If you’re not comfortable working with people, your motivation for wanting to become a coach is most likely a desire for profit. But it’s not a sin to want to maximize your earning potential from your own hard work and content — and a positive shame to miss out on profit you deserve.
It may reassure you to realize that it may not be a question of “liking” at all: You may simply be saying: “I’m afraid.” Your own self-confidence may need more development, or you may simply not have a “people personality” — but you do have a particular skill set that others need, and only you can share.
If this is the case, use a coaching model that minimizes your weakness at first, such as setting up your client interaction as a weekly assignment delivered via email, rather than that nerve-wracking weekly phone session. Formulating a positive critique on virtual “paper” and answering questions via email is often quite comfortable for those who can’t bring themselves to answer a phone, or who break out in a cold sweat and stammer, when talking face-to-face.
You can create the illusion of one-on-one intimacy and interactivity by pre-recording a video, Teleseminar or webinar. Removing any real components of interactivity takes away the threat of freezing up or making a mistake. As long as it helps move your client further towards his goal, your webinar or video will be valued and appreciated.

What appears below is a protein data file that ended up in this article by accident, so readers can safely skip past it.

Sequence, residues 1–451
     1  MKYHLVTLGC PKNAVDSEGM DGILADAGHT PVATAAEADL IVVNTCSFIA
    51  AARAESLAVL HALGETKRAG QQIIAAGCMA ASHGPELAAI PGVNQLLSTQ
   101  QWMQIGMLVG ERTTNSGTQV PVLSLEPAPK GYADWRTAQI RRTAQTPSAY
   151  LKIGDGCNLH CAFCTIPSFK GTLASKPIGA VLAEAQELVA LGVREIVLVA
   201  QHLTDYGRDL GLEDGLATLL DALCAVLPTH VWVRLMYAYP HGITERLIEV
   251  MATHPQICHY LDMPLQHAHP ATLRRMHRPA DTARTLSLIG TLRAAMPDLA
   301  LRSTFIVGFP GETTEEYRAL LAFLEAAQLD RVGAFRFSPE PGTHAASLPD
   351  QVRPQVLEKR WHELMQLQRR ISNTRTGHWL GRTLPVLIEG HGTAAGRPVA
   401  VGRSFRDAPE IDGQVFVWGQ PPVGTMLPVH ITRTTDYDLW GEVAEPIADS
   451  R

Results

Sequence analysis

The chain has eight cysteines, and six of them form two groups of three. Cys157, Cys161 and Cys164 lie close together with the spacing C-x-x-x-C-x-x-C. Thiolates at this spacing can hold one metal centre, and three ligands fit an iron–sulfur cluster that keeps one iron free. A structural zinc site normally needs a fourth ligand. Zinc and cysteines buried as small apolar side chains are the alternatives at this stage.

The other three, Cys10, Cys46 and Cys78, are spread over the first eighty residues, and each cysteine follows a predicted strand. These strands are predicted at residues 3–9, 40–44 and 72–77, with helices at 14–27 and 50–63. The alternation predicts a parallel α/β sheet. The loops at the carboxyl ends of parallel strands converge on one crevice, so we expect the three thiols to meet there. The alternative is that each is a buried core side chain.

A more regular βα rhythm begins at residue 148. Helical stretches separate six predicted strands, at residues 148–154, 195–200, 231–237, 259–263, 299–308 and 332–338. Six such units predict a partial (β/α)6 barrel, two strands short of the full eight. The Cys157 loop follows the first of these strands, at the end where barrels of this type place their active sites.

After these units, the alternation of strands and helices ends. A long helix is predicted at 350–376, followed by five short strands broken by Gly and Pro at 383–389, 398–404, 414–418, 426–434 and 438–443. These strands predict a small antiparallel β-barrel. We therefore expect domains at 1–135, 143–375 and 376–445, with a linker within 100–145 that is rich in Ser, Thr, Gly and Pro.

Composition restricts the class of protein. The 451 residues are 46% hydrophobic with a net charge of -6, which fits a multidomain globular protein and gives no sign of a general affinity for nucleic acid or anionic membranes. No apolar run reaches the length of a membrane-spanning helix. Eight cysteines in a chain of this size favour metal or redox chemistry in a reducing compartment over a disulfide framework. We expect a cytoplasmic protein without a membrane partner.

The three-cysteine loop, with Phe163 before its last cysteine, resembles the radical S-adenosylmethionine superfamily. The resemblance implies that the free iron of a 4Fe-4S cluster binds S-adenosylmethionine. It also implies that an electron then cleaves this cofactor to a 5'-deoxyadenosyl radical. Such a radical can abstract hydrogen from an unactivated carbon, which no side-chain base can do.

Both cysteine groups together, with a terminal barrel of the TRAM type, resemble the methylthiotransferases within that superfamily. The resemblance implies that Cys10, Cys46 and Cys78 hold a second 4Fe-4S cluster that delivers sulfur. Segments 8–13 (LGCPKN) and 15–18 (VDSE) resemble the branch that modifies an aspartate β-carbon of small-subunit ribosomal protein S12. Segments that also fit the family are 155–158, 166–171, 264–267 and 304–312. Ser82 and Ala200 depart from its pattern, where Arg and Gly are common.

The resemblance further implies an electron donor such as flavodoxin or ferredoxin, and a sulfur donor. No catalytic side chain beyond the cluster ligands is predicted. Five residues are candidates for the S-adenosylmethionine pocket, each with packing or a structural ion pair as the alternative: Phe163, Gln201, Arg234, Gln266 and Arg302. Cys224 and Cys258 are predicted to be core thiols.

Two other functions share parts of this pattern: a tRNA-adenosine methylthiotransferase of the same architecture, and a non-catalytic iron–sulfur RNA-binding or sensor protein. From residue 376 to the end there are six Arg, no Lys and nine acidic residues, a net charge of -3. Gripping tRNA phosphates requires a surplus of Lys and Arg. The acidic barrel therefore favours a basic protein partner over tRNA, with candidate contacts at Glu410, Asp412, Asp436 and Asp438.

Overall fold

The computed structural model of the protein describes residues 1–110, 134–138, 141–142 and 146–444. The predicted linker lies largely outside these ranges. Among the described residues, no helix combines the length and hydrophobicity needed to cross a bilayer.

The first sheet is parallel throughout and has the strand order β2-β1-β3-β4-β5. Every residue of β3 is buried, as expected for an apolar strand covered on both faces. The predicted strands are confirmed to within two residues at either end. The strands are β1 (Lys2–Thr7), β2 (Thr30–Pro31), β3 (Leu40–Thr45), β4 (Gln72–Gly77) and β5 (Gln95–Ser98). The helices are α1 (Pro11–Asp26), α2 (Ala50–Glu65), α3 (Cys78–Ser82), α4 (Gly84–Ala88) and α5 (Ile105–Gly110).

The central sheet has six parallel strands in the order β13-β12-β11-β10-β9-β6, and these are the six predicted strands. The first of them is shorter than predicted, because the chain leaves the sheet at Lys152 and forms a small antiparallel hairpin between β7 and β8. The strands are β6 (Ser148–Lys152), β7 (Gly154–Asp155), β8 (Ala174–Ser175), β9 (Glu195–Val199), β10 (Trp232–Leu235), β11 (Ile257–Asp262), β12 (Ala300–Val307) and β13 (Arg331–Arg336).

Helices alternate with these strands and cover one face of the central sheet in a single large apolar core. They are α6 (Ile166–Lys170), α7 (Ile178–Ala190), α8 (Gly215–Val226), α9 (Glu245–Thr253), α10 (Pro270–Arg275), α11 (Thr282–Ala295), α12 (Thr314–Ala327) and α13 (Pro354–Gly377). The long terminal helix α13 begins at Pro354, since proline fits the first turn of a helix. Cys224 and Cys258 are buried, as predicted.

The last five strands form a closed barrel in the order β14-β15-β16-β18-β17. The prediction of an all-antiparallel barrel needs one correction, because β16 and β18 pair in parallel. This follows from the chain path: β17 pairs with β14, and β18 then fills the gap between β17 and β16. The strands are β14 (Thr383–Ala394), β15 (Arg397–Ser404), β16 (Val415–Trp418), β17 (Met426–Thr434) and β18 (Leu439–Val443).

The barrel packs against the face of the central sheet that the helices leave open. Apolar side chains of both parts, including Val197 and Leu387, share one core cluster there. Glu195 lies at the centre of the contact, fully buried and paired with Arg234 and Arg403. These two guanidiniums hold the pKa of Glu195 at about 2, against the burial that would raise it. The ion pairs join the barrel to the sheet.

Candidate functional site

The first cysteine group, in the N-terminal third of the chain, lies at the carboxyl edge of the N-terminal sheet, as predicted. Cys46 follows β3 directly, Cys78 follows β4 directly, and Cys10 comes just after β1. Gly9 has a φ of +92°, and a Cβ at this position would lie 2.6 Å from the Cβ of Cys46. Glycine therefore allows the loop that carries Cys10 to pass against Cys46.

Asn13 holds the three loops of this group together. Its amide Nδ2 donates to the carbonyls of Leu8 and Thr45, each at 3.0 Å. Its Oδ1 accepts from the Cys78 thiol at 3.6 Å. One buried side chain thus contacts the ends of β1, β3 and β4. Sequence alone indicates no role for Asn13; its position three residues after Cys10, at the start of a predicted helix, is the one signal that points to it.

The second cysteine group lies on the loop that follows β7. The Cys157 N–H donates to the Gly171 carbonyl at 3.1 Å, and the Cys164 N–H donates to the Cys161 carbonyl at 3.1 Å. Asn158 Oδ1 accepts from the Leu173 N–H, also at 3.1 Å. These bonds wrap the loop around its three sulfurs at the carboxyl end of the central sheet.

Here’s a secret: You can be motivated by a desire to help others without necessarily being a people person.
All you really need is an understanding of what makes your best client tick — and what she needs to get her to where she wants to go.How you present those options is up to your personal preference and style… and you may be pleasantly surprised to discover a lot of your inhibitions melting away as you begin to enjoy well-earned success.
Get a Coach
This brings us to another important point… Get a coach!
Ask any top coach what they do, when they feel stuck, can’t see the forest for the trees or simply want to move forward and the inevitable answer is: “Consult my coach!”Having your own coach (even if just for occasional tune ups) is all part of leading that balanced life style we mentioned earlier.